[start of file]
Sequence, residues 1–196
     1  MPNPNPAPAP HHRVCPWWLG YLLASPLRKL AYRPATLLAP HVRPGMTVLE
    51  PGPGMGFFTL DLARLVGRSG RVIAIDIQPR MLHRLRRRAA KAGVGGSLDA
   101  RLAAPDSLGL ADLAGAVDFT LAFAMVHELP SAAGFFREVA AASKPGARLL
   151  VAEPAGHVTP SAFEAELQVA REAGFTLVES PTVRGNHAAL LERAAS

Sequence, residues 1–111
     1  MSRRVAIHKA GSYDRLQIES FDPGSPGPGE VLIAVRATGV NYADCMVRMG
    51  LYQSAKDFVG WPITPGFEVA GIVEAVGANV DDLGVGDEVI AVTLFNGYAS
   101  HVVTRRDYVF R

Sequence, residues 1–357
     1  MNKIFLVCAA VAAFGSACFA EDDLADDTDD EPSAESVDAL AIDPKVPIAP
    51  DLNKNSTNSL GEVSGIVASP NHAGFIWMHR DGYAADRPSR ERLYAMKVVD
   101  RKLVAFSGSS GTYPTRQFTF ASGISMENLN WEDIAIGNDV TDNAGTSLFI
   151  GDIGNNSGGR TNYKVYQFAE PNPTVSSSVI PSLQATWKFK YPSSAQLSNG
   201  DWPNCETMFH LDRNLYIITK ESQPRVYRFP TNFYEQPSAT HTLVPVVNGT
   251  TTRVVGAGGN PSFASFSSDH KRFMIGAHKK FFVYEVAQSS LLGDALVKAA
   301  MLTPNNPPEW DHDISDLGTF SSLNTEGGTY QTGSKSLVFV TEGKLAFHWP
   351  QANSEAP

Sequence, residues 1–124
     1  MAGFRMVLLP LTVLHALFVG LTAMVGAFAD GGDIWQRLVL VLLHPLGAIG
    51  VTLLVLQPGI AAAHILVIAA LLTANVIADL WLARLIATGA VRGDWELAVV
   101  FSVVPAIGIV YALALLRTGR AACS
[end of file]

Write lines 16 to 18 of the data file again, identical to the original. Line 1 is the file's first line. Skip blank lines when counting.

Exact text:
   251  TTRVVGAGGN PSFASFSSDH KRFMIGAHKK FFVYEVAQSS LLGDALVKAA
   301  MLTPNNPPEW DHDISDLGTF SSLNTEGGTY QTGSKSLVFV TEGKLAFHWP
   351  QANSEAP